100% of them visit KV. undated) 7. E. Preliminary Report on the Conservation of the Cultural Heritage of Luxor (in Arabic) 11. A Report to Unesco 2. E. 1999. Arthur D. ICCROM Mission Report: ICCROM. This is a rise of almost 40% on the attendance figures for 2003. Environmental Scoping Report (Arabic & English) 10. William R. Secondary Cities Project. APCO). 1996-2003 12. ElHakim. 78 . 1979: Shankland Cox Partnership. Torraca. 1995: Camp Dresser & McKee International Inc. Sherif M. P. and Associates 4. in association with Shankland Cox Partnership. Inc. 2000 Abt Associates Inc and Ministry of Housing. Al-Imtidad al-'umrani li-madinat al-Uqsur 5. Luxor 21. 1994: Ministry of Housing. Presented to the Ministry of Tourism and Civil Aviation. 2000 Figure 40: History of Urban Planning Proposals in Luxor 3. Mora. General Organization for Physical Planning (GOPP). City of Luxor. 1981: Luxor West Bank Visitor Management Study: Possible Impact of Increased Tourist Numbers on the Tombs of the West Bank at Luxor. Mashru' dirasa tawatin ahali al-Gurna fi mantiqa al-taref al-gadida gharb madinat al-Uqsur 9. Utilities and Urban Communities. Ministry of Housing/United Nations Programme for Development Comprehensive Development for the City of Luxor Project. The figures for 2004 (Table 4) show that 1. fifth report. G. 1994: Luxor City Council/Engineering Consulting. final report (in Arabic) 8. interim report. The Comprehensive Development of the City of Luxor. 1987: Ministry of Housing.TOURISM AND KV 1. approximately 5. The Physical Extension of the City of Luxor.3 Tourism in KV The Valley of the Kings is by far the most visited SCA site in the Luxor area. Luxor-Ancient Thebes.000 per day on average. 1993: GOPP (Engineering and Consulting Office. High Council for the City of Luxor. Detailed Planning for the First Phase of Thebes New City (in Arabic. two volumes.8 Million visitors cam to KV. Schwartzbaum. Data is not available but it would be safe to say of that of the tourists visiting cultural heritage attractions in the city. Smith. It appears on almost all tourist itineraries and independent travellers single out the site for a visit. Fothergill. Rome 3. 1981: Study on Visitor Management and Associated Investment on the West Bank of the Nile at Luxor. Little International. Schedule for Development and Growth (in Arabic. whilst some of this is a recovery from the effects of global terrorism the underlying trend is for continued growth. undated) 6.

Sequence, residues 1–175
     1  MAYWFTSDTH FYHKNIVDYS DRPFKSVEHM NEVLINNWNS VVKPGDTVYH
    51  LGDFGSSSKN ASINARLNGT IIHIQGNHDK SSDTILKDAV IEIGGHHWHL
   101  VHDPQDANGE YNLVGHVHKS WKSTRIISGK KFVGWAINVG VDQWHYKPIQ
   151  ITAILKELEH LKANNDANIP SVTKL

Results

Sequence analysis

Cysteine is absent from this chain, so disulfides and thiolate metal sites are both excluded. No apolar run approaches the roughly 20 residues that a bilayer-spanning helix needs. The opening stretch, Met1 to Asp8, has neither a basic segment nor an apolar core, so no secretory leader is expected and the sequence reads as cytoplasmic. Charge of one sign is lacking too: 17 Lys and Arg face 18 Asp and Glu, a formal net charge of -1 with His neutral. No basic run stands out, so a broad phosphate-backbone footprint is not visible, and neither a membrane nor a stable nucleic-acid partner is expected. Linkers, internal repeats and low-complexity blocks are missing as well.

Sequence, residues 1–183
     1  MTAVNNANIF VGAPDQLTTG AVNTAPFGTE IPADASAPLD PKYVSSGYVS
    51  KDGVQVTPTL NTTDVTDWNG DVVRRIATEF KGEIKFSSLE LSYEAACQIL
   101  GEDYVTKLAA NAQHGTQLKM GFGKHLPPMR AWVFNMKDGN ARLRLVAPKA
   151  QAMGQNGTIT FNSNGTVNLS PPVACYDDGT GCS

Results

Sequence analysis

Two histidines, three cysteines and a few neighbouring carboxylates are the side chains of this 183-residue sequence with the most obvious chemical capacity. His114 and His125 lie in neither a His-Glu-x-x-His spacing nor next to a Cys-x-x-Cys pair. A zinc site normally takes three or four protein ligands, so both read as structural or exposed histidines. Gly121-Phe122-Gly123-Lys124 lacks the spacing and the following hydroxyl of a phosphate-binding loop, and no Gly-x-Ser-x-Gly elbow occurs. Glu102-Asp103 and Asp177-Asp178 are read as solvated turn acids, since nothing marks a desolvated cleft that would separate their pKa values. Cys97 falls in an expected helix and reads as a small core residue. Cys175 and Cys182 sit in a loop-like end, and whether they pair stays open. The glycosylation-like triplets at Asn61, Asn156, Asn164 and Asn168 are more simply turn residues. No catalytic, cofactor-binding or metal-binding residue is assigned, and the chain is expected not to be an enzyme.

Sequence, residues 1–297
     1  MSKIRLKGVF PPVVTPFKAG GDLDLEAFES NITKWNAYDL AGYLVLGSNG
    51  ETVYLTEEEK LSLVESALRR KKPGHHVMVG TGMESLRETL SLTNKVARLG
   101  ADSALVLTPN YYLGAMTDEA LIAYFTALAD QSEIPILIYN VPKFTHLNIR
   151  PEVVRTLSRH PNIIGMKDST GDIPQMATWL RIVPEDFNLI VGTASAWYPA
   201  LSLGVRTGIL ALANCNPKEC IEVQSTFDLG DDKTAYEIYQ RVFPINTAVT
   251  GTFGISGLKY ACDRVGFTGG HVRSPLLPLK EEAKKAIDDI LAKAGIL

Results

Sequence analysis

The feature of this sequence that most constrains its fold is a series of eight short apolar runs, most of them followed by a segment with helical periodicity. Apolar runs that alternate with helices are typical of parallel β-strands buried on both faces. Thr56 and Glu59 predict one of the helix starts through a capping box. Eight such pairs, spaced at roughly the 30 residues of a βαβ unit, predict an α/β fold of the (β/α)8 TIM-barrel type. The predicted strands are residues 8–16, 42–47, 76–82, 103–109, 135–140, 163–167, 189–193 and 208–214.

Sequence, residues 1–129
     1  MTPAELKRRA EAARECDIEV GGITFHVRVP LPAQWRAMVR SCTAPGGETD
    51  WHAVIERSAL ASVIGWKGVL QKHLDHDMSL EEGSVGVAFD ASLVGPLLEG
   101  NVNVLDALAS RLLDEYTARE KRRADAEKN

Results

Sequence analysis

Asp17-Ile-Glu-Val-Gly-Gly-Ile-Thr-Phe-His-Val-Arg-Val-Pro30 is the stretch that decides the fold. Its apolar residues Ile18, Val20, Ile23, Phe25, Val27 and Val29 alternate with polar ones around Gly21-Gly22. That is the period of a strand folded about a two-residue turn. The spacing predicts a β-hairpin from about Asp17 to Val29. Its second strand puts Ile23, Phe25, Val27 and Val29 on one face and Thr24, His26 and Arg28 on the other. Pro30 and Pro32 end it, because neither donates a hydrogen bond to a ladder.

326 199.3.537 31.000 1.200.088 190. by Month January February March April May June July August September October November December 2.448 135.029 65.59% January February March April May June July August September October November December Totals % Change 1.370 74.317.486 45.034 186.409 121.468 111.000 0 2000 2001 2002 2003 2004 Table 5: KV Visitor Numbers by Month.311 78.000 1.400.840 86.000 400.948 108.34% 2003 142.166 58.394 1.298 128.232 50.913 136.000 800.434 87.274 129.135 60.000 600.331.300 138.321 78.171 1.399 2002 77.80% 2004 173.752 166.469 2001 157.TOURISM AND KV 3.000 1.393 98.91% Table 4: KV Visitor Numbers 2000-2004.271 -23.485 155.000 190.1 Tourist Statistics 2000 204.605.000 1.364 166.800.471 109.102 72.999 118.944 118.829 -17.950 121.517 185.862 109.876 186.767 186.772 96. 2000-2004 79 .600.958 175.621 81.434 120.533 1.858.393 16.000 1.365 135.532 1.690 39.068 74.236 18.574 93.000.441 143.663 122.619 159.461 113.260 102.931 47.000 200.133 161.000.273 154.010.431 178.089 67.583 48.